Rules are a human need. We can find them even in the most unlikely places. In prison, for instancy, criminal convicts have rules of their own. As a matter of fact, these rules are often very rigorous, and the punishment for those who violate them is gererally severe. The human need for rules may be explained on evolutionary grounds (by Games Theory, for example), and there is nothing supernatural about it. Even what we call “Natural Law” is, well, “natural”!
Besides, saying that non-religious people are necessarily “bad” is as absurd as saying that religious people are necessarily “good” (what about Osama bin Laden and Torquemada, for example?).

A secular world would not be lawless and barbaric. As a matter of fact, It would probably be better. Religion, as well as ideology, is frequently unsed to justify anything. When it is “for a higher cause”, anything goes! The Crusades, “holy” wars, Islamic terrorism, the Holocaust (before being “justified” on racial grounds, anti-semitism was nurtured for centuries by christians) and the Inquisition are only the most notable examples.

http://sciencereason.blogspot.com/2008/06/without-religion-anything-goes.html

We do ourselves and the world a great disservice by equating religion with belief in a god-being or the supernatural. There are several naturalistic religions without a god-being.

The original definition of religion comes from the Latin word religare, which means to look upon all things (re) and bind it all together (ligare, like a ligament) into a coherent whole. In this sense, religion is about causes higher than the self, but then so is this discussion forum. The idea behind the forum, and rational discourse generally, is that each of us puts aside the subjective to find common ground with others, and some measure of objective truth. No decent form of social organization is possible without a commitment to the higher cause of the common good, and no scientific progress is possible without a commitment to the higher cause of conforming one’s beliefs to reality.

I truly believe that if we are to make any progress as secularists, we must stop swallowing the definition of religion that has been given to it by those who have distorted and perverted it. A religion that adhered to a commitment to truth/reality and a respect for all persons would never have resulted in the historical horrors listed in the above post. It is precisely because the belief in God is so often just an excuse to believe what one wishes to believe (i.e., indulges the self in a distinctly anti-religious way) that it leads to such things.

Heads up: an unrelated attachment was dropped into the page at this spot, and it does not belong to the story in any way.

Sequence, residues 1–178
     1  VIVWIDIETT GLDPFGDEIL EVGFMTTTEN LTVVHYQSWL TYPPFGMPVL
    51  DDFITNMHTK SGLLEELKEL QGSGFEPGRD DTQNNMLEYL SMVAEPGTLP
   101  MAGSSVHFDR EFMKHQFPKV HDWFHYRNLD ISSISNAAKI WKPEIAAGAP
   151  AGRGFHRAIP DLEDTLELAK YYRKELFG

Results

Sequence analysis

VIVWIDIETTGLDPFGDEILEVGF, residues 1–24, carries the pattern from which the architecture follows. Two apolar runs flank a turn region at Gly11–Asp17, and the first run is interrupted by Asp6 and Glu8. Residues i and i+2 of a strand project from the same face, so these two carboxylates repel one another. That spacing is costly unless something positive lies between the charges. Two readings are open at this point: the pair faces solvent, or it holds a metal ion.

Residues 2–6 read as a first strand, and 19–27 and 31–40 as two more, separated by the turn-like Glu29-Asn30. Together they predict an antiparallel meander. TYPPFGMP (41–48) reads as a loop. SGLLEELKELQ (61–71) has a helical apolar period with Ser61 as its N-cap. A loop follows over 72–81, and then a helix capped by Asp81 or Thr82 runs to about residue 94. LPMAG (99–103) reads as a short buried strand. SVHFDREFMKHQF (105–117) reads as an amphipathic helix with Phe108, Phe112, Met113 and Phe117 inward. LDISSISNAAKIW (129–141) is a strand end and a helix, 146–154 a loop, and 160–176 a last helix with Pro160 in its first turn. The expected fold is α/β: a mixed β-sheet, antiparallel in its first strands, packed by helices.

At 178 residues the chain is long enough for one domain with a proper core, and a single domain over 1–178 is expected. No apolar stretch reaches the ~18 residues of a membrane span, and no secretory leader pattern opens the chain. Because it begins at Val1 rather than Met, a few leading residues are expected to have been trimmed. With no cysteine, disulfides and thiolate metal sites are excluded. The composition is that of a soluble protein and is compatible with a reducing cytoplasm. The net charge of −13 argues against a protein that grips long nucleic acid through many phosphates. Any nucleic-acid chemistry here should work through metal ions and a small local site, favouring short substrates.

People cannot be forced to define a word in a particular way, but as secularists we must at least acknowledge that there are different ways of looking at religion than those proferred by our worst antagonists. This must become Secularism 101 if we are to stop playing the other guy’s game. IOW, we MUST stop doing this if we are to succeed and grow.

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Posted: 25 June 2008 06:43 PM   [ Ignore ]   [ # 7 ]
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PLaClair,

I wholeheartedly agree with the spirit of what you are saying.  There is certainly something to the point that “religion” has a positive word meaning when taken by its etymological word origin.  Also, there are many qualities that are included within the common usage the term “religion” that I embrace.  For example, I consider myself to be philosophical and I look upon the world with a sense of wonder and awe.  I strive to be what I understand to be the best person that I can be and I wish to live an ethical life.  I have social and emotional needs.  In the sense that you refer to as “religion” I am most certainly religious.

However, there is something of a disconnect between this etymological meaning for “religion” and the common usage of the term today.  By the original definition for “religion,” physics, biology, chemistry and psychology are also religion.  The term is most generally used to refer to one of the various competing “world religions” or various smaller sects.  In other words, it is usually used to mean that one is christian, islamic, jewish, buddhist, hindu, etc.  So why isn’t apple picking regarded as religion?  It very well may have deep existential significance to someone.